by Phil Ambroziak
Recreational activities require a lot of hard work.
That’s why, during its regular meeting Feb. 26, Meadow Lake city council approved a motion directing administration to explore the options for having a recreation director/manager for the community. The motion also calls for administration to take into consideration budget impacts if such a role is created.
“Last fall, the city was approached by the Meadow Lake In Motion group with an inquiry about presenting to council on the subject of a recreation director position,” explained city clerk Jessica Walters.
Instead, the group met with the city’s recreation board Feb. 14. According to In Motion’s Bluesette Campbell, a recreation director was one of the needs identified by the community in a 2014 symposium hosted by her group. She said it’s become too much for volunteers to oversee major initiatives such as the development of a safe walking path between Meadow Lake and Flying Dust. She went on to say there are more than enough priorities for the city to focus on – including the new lodge, grandstand and more – to justify hiring someone full-time.
“Having someone in a paid position would also help fill any communication gaps,” Campbell said. “Things would be more coordinated in terms of not having so many events happening at the same time.”
Campbell also said volunteer committees, like In Motion, have accomplished a lot, but there is a risk of burnout and loss of momentum when this type of work is left entirely with volunteers. During Monday’s council meeting, councillor Conrad Read reiterated much of this, adding it’s time to have administration investigate the matter before council makes an official decision.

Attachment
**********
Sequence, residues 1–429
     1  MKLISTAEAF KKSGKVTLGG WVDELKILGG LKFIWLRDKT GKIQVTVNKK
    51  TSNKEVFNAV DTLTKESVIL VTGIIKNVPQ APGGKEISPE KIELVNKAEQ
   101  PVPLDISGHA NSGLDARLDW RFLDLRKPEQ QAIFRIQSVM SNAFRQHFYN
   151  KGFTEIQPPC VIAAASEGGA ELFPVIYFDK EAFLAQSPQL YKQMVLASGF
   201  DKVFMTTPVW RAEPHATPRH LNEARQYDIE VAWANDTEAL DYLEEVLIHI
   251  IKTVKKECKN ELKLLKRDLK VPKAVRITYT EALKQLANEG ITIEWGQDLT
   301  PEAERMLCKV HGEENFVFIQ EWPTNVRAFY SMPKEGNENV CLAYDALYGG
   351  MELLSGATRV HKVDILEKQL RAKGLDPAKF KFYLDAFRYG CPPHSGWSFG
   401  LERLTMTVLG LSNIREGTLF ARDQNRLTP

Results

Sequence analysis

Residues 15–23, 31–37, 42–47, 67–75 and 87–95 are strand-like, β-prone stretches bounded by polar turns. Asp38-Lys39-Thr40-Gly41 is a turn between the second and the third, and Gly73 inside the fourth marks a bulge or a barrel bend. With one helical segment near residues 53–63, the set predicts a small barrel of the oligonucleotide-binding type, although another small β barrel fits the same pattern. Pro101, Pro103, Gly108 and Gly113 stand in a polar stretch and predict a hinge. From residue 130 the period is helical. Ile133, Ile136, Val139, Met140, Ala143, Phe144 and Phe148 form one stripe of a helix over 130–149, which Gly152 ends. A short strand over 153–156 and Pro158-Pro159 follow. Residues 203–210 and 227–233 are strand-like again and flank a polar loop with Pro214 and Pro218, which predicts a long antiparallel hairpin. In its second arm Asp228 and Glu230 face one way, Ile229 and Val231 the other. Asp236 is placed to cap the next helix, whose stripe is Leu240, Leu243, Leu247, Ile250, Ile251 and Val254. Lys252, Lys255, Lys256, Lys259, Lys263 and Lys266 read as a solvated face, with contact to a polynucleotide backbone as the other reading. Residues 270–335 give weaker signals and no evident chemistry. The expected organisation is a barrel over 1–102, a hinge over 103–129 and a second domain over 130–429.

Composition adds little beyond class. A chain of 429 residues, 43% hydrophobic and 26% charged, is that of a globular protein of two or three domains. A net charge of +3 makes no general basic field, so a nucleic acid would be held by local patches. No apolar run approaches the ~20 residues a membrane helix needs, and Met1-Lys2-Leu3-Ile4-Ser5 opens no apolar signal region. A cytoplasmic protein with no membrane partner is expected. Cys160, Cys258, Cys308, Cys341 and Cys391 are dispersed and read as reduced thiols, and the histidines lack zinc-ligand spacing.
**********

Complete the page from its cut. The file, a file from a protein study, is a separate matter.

“I would echo what we’ve heard about the burnout,” stated councillor Glen Winkler. “Most volunteer efforts are based on the work of two or three people, but we should maximize those volunteers and support them so they don’t burn out so quickly.”
Winkler also believes, with a dedicated recreation director in place, it could encourage more people to come forward and volunteer their time knowing there is someone from the city available to provide guidance and support when needed. He also said grant opportunities could be available to help defer the cost of creating a new management position.
Deputy-mayor Merlin Seymour, meanwhile, suggested a recreation director could help generate funds for the city by finding ways to take full advantage of the municipality’s existing recreational facilities.
While the former Town of Meadow Lake did have a recreation director in the 1980s and 1990s, city manager Diana Burton said, if council does decide to pursue this matter, the role would not be filled overnight.
“Bringing in someone to fill a manager level position is going to take six to nine months at least,” she said. “It would require council to pre-approve funds for 2019, creating a job description, posting the job, conducting interviews and, still, there’s no guarantee someone local would apply. That means you also have to factor in the possibility of someone having to move here. It will take time.”